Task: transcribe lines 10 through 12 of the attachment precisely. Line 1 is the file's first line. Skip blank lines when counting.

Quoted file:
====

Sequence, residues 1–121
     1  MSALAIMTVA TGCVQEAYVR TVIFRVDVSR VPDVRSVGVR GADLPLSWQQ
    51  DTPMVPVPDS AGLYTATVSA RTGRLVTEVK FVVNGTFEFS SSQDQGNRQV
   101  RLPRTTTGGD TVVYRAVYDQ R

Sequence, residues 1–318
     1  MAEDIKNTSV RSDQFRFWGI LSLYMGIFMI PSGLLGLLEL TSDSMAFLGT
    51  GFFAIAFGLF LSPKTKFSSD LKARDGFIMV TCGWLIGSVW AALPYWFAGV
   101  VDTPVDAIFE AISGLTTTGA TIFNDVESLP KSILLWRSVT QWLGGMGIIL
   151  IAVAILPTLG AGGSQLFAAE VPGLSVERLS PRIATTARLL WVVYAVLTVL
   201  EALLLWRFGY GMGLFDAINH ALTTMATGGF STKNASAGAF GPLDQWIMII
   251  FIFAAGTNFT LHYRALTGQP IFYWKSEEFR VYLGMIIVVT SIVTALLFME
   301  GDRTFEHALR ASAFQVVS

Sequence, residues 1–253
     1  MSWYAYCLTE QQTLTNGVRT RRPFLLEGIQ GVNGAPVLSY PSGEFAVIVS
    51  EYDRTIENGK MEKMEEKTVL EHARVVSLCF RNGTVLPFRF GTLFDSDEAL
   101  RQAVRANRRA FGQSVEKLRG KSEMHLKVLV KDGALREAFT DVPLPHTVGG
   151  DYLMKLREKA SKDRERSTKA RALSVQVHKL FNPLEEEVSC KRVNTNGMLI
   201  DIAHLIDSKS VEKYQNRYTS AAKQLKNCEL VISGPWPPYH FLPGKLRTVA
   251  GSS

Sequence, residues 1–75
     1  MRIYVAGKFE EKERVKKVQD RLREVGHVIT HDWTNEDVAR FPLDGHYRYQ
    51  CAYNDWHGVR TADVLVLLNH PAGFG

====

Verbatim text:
   201  EALLLWRFGY GMGLFDAINH ALTTMATGGF STKNASAGAF GPLDQWIMII
   251  FIFAAGTNFT LHYRALTGQP IFYWKSEEFR VYLGMIIVVT SIVTALLFME
   301  GDRTFEHALR ASAFQVVS